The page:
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Maternal obesity 3
Influence of maternal obesity on the long-term health of
Keith M Godfrey*, Rebecca M Reynolds*, Susan L Prescott, Moffat Nyirenda, Vincent W V Jaddoe, Johan G Eriksson, Birit F P Broekman

In addition to immediate implications for pregnancy complications, increasing evidence implicates maternal obesity
as a major determinant of offspring health during childhood and later adult life. Observational studies provide
evidence for effects of maternal obesity on her offspring’s risks of obesity, coronary heart disease, stroke, type 2
diabetes, and asthma. Maternal obesity could also lead to poorer cognitive performance and increased risk of
neurodevelopmental disorders, including cerebral palsy. Preliminary evidence suggests potential implications for
immune and infectious-disease-related outcomes. Insights from experimental studies support causal effects of
maternal obesity on offspring outcomes, which are mediated at least partly through changes in epigenetic processes,
such as alterations in DNA methylation, and perhaps through alterations in the gut microbiome. Although the
offspring of obese women who lose weight before pregnancy have a reduced risk of obesity, few controlled intervention
studies have been done in which maternal obesity is reversed and the consequences for offspring have been examined.
Because the long-term effects of maternal obesity could have profound public health implications, there is an urgent
need for studies on causality, underlying mechanisms, and effective interventions to reverse the epidemic of obesity
in women of childbearing age and to mitigate consequences for offspring.

Maternal obesity before and during pregnancy is widely
recognised to have immediate implications in terms of
pregnancy complications, including gestational diabetes,
pre-eclampsia, and delivery of large-for-gestational-age
infants.1 Recognition that developmental effects can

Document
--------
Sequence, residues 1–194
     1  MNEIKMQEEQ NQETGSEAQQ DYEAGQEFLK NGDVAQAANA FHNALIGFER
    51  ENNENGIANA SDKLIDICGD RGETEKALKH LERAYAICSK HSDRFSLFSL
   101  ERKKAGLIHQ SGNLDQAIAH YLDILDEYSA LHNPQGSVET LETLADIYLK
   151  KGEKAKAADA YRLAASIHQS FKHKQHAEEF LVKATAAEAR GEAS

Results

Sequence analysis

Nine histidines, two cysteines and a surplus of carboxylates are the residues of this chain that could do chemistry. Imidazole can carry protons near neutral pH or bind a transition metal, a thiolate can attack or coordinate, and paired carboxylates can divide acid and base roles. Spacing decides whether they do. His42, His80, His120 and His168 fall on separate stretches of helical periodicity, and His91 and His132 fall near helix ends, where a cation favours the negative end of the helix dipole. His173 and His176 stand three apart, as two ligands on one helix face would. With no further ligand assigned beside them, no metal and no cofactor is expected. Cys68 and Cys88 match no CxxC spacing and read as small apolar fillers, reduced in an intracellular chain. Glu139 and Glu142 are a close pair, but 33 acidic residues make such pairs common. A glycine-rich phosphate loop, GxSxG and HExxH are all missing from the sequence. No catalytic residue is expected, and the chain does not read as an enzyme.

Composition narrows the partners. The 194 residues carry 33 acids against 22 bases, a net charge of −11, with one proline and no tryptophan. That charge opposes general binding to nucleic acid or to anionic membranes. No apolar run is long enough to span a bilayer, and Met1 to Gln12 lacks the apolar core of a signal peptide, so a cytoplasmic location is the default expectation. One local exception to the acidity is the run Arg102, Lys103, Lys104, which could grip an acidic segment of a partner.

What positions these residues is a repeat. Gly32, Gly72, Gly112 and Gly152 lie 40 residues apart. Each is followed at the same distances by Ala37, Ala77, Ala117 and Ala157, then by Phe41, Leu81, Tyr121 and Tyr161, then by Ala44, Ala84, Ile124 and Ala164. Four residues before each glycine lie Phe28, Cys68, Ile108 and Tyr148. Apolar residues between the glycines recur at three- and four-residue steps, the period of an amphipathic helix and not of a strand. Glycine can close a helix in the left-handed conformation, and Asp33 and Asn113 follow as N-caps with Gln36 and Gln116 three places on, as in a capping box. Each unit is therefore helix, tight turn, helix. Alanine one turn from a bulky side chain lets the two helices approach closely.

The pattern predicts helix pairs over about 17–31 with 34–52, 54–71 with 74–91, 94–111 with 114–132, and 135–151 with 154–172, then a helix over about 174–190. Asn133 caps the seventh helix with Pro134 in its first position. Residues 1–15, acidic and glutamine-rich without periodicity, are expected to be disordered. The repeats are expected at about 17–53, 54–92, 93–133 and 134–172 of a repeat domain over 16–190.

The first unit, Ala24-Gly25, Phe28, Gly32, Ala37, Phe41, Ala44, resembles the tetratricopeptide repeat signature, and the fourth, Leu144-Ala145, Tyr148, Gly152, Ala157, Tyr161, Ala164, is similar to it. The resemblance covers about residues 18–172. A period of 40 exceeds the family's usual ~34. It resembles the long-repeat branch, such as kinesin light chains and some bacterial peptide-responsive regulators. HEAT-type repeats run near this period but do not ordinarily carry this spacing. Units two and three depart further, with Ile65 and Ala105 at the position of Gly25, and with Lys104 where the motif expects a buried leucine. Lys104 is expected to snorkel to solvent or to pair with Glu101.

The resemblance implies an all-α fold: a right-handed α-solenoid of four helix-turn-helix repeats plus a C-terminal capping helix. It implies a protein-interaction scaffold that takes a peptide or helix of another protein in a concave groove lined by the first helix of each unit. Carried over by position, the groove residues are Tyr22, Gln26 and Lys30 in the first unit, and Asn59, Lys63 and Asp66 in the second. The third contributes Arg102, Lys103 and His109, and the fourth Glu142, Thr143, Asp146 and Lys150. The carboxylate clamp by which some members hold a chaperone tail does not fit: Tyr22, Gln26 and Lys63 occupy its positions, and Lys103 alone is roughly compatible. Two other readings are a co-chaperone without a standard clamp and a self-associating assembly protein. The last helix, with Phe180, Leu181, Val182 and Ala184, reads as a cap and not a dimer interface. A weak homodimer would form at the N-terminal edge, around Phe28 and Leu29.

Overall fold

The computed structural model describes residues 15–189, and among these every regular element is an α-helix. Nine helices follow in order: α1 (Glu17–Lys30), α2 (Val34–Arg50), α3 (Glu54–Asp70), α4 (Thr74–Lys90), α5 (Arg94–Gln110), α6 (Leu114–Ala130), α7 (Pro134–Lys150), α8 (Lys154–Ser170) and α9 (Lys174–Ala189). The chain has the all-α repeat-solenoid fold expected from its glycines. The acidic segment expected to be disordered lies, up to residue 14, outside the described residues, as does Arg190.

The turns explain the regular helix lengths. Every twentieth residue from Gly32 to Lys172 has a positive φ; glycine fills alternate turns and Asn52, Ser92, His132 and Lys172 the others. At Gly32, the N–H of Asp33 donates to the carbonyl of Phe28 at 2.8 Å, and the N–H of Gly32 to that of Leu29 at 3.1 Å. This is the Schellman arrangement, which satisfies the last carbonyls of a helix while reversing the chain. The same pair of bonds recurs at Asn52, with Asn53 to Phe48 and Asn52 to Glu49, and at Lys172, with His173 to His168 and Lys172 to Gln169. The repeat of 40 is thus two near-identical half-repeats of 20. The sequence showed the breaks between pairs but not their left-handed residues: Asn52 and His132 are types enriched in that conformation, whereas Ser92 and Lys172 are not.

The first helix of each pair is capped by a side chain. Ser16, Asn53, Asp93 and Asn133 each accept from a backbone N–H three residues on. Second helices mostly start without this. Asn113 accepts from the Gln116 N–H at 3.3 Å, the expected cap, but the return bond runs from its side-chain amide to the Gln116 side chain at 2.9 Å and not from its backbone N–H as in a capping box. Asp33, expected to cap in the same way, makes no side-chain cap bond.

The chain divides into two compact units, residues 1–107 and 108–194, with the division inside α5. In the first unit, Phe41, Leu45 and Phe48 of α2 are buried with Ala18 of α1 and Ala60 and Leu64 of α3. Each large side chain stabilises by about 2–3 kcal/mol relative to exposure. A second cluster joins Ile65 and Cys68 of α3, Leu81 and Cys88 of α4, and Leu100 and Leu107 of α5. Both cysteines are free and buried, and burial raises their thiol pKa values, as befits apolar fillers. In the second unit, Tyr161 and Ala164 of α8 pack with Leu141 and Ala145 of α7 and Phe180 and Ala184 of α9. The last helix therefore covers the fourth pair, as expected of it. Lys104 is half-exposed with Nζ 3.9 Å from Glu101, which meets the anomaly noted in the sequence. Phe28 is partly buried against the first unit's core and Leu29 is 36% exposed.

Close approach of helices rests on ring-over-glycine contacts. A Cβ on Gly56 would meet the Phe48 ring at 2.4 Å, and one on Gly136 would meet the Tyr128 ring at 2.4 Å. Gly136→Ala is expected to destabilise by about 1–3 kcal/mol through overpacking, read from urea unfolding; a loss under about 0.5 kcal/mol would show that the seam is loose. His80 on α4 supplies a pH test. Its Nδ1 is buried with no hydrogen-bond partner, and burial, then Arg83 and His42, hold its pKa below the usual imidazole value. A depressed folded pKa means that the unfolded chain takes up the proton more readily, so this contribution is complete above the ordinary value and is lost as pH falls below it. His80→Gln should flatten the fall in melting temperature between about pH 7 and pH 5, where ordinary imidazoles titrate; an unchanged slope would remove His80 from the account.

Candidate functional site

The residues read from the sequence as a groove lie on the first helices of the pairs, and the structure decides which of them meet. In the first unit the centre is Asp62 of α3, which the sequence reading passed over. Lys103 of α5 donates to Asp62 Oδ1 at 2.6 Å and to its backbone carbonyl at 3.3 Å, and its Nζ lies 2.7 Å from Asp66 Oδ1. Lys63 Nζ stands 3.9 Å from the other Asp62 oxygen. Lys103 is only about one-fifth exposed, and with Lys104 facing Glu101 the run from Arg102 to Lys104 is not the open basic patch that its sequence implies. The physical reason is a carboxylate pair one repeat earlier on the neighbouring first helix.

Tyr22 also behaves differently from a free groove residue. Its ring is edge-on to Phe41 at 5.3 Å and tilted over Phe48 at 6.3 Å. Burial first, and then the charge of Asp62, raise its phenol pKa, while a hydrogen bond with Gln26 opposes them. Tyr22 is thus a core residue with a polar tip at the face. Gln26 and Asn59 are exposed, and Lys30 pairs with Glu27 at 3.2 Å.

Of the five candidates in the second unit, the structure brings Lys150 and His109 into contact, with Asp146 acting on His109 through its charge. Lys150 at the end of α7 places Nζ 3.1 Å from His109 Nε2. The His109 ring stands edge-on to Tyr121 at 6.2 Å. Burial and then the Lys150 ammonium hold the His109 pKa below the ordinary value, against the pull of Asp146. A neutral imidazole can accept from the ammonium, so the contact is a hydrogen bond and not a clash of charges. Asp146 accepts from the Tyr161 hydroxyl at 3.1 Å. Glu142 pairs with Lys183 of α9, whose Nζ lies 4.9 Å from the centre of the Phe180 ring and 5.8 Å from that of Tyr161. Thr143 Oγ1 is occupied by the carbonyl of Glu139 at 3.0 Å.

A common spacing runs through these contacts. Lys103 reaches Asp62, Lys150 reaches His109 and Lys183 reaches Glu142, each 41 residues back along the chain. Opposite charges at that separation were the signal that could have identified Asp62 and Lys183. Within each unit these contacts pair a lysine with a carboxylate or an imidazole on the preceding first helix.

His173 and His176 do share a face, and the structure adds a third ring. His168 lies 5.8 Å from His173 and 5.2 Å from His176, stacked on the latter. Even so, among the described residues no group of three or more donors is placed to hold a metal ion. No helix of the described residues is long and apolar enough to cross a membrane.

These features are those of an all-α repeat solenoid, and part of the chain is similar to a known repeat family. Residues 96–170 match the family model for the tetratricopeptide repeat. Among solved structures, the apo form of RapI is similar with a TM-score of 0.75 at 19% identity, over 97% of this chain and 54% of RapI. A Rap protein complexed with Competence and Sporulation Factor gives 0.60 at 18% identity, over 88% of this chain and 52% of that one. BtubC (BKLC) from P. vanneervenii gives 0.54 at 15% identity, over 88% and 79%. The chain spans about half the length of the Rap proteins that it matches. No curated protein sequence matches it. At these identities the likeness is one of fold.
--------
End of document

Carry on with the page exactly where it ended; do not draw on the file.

have long-term consequences on offspring health and
wellbeing has led to attention being focused on the
potential for maternal obesity to be one of the influences
contributing to the “developmental origins of health
and disease”.2 The high prevalence of maternal obesity
associated with the global obesity epidemic means that
determination of any such long-term effects is now an
urgent priority.3
Although to control for potentially confounding
variables remains a challenge in human observational
studies, extensive experimental work in rodents and
non-human primates has demonstrated that maternal
obesity induced by dietary intervention leads to obesity,
diabetes, raised blood pressure, fatty liver, and behaviour
changes in offspring.4 These studies have shown that
maternal obesity can permanently alter various metabolic
control processes in fetuses, including the hypothalamic
response to leptin and subsequent regulation of appetite
and pancreatic β-cell physiology.4 Mechanisms are
probably multifactorial, but could include maternal
metabolic changes, such as changes in glucose and fatty
acids,5 altered maternal hypothalamic–pituitary–adrenal
axis activity,6 and changes in placental function and
In this Series paper, we review the evidence linking
maternal obesity with long-term consequences for